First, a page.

inhabited human lungs without causing harm; however, if a person were to inhale
a strain that differed enough from those to which ho or she had been previously
exposed, the individuals immune system might not be able to keep in check
By 1990, a third of all ear infections occurring in young children were
due to Pneumococcus, and nearly half of those cases involved penicillin
resistant strains. The initial resistance?s were incomplete. This means that
only some of the organisms would die off and the child?s ears would clear up,
and both parents and doctor would believe the illness gone. The organisms that
did not die off would multiply , and in a few weeks the infection would be back.
Then if the parents used any leftover penicillin?s, they would possible see
another apparent recovery, but this time the organisms were more resistant, and
the ear infection returned quickly with a vengeance (Garrett 415-16).
In poor and developing countries the prevention of pediatric respiratory
diseases had to be handled with scarce resources, available antibiotics, and
little or no laboratory support to identify the problem. Health officials then
defined the disease process not in terms of the organisms involved but according
to where the infection was taking place, and the severity of the infection. In
general, upper respiratory infections were milder and usually viral, while deep
lung involvement indicated a potentially lethal bacterial disease. In 1990 the
World Health Organization (WHO) said that the best policy for developing
countries was to assume that pediatric pneumonia?s were bacterial, and treat
with penicillin in the absence of laboratory proof of a viral infection. This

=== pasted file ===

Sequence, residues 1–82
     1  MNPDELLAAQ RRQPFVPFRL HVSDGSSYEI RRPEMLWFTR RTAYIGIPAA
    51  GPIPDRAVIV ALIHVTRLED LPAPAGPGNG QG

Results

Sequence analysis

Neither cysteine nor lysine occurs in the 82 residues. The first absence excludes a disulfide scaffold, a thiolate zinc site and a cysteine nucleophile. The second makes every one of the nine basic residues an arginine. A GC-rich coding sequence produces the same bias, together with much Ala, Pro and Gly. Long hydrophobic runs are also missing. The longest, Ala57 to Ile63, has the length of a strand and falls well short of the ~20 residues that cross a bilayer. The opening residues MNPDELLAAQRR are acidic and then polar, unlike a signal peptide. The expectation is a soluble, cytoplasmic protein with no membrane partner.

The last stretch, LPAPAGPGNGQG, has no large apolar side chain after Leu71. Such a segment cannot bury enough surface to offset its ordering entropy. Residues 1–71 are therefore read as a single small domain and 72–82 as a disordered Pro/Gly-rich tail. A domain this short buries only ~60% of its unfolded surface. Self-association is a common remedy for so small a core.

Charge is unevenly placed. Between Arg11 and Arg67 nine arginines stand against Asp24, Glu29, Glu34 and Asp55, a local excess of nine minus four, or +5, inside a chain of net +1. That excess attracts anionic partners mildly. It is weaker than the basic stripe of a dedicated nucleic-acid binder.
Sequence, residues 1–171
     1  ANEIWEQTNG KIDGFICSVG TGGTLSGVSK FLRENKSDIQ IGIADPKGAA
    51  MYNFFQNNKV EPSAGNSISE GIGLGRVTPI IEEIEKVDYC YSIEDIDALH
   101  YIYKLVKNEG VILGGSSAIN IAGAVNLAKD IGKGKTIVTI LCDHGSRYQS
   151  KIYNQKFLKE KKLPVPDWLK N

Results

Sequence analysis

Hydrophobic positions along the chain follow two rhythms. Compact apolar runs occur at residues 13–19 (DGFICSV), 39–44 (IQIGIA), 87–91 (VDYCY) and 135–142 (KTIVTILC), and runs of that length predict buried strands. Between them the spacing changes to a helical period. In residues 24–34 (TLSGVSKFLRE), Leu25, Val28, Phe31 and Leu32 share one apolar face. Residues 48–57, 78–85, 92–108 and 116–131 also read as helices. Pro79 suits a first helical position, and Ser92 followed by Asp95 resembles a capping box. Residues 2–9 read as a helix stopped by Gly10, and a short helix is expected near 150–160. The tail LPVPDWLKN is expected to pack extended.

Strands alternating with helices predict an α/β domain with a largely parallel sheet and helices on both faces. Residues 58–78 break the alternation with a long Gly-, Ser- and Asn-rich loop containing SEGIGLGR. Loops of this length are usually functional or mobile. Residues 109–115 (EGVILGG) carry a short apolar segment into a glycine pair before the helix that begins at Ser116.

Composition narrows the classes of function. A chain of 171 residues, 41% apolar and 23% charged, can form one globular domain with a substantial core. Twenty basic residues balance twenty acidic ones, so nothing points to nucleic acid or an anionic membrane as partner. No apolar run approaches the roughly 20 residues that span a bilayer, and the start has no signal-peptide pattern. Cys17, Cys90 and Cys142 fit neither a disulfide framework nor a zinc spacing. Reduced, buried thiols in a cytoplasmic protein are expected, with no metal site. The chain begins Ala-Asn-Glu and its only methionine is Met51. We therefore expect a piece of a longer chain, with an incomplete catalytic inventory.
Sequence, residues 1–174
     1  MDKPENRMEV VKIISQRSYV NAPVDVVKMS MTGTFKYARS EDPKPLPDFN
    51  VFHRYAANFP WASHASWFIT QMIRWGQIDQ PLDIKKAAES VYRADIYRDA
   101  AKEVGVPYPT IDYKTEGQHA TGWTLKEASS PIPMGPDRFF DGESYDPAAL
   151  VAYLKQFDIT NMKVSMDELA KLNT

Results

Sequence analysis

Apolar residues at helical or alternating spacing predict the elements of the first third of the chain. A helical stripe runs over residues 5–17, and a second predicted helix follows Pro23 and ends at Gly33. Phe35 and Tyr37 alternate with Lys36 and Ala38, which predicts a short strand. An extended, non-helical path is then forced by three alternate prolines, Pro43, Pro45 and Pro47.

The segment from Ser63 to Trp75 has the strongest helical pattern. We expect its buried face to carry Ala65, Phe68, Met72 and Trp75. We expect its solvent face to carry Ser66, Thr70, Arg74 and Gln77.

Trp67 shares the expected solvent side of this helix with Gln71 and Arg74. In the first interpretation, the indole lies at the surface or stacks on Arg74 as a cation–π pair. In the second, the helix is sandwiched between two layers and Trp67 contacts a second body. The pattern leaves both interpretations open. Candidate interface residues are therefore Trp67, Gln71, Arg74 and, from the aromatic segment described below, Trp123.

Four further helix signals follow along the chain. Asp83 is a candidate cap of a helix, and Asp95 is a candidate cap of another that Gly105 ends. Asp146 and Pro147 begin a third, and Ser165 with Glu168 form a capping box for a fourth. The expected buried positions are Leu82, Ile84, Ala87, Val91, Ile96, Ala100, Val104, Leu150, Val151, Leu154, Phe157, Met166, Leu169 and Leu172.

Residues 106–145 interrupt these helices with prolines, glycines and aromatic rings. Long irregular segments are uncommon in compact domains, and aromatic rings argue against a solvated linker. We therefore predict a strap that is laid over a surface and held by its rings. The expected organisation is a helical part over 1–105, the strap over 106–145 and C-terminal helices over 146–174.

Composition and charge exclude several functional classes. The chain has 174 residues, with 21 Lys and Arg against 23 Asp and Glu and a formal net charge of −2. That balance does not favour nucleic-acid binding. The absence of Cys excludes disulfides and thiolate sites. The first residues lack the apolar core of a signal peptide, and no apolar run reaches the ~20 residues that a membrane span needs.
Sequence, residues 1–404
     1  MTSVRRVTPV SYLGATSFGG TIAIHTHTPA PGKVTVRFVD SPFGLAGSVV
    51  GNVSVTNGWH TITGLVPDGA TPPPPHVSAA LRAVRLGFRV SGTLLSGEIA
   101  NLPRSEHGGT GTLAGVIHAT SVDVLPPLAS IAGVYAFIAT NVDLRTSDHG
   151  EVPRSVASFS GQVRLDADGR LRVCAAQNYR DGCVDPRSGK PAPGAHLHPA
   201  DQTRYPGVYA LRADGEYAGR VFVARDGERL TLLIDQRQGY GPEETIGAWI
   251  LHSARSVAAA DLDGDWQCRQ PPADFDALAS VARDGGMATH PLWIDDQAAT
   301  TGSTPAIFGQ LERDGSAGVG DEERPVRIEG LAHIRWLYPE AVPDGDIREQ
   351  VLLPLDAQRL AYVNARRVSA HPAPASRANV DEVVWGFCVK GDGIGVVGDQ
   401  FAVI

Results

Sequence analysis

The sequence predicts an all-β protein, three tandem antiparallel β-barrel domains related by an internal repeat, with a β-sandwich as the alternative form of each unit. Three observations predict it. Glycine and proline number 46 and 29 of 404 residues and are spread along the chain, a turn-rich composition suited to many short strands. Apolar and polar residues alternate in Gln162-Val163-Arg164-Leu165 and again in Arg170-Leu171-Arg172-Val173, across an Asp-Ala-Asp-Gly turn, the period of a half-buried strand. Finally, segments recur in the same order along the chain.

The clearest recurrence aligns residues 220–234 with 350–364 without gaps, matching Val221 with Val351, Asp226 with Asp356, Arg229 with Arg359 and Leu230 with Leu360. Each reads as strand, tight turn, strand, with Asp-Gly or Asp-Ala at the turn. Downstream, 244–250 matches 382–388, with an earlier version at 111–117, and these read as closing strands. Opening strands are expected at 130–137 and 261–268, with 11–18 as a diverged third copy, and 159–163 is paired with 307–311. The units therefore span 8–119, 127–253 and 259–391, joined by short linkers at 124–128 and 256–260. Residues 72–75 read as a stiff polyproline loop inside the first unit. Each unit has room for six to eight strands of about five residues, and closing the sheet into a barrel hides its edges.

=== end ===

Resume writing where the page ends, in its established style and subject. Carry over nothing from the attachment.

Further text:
process was shown to have reduced the number of child deaths in the test areas
by more than a third, and even more surprising was that there was a 36 percent
reduction in child deaths due to all other causes. This was only the good news.
The bad news was that penicillin?s and other antibiotics offered no more benefit
to children with mild and usually viral respiratory infections than not taking
any drugs at all and staying home. This was due to the fact that antibiotics
have no effect on viruses. Another key danger was that village doctors, who
lacked training and laboratory support, would overuse antibiotics, which would
in turn promote the emergence of new antibiotic resistant S. pneumoniae (Garrett
Because of drug use policies in both wealthy and poor countries,
antibiotic resistant strains of pneumococcal soon turned up all over the world.
Some of these strains were able to withstand exposure to six different classes
of antibiotics simultaneously. This emergence of drug resistance usually
occurred in communities of social and economic deprivation. Poor people were
more likely to self-medicate themselves using antibiotics purchased off the
black market, or borrowing leftovers from relatives (Garrett 417-19). ” Whether
one looked in Spain, South Africa, the United States, Romania, Pakistan, Brazil,
or anywhere else, the basic principle held true: overuse or misuse of
antibiotics, particularly in small children and hospitalized patients, prompted
emergence of resistant mutant organisms” (Garrett 419).
Infectious diseases thought to be common, and relatively harmless are
now becoming lethal to people of all ages, race, and socioeconomic status
because of the misuse of medicines, which make the diseases ever more drug
resistant, and short sighted political policies. It now seems that the microbes
now have the macrobes on the run. Consider the difference in size between some
of the very tiniest and the very largest creatures on Earth. A small bacterium
weighs as little as 0.00000000001 grams. A blue whale weighs about 100000000
grams. Yet a bacterium can kill a whale … Such is the adaptability and
versatility of microorganisms as compared with humans and other so called
“higher” organisms, that they will doubtless continue to colonise and alter the
face of the Earth long after we and the rest of our cohabitants have left the
stage forever. Microbes, not macrobes, rule the world.
– Bernard Dixon,
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http://www.cdc.gov/ncidod/diseases/virlfv/ebolainf.htm[1996, November 20].
CDC(II). Filoviruses in Nonhuman Primates: Overview of the Investigation in
Garrett, Laurie. The Coming Plague. Farrar, Straus. and Giroux: New York, 1994.
Mosby?s Medical, Mursing, and Allied Health Dictionary 4th Ed. .
Mosby-Year Book, Inc.: St.Louis,1994.
Preston, Richard. The Hot Zone. Random House Inc.: New York, 1994.
Roizman, Bernard. Infectious Diseases in an Age of Change. National Academy
Press: Washington,D.C., 1995.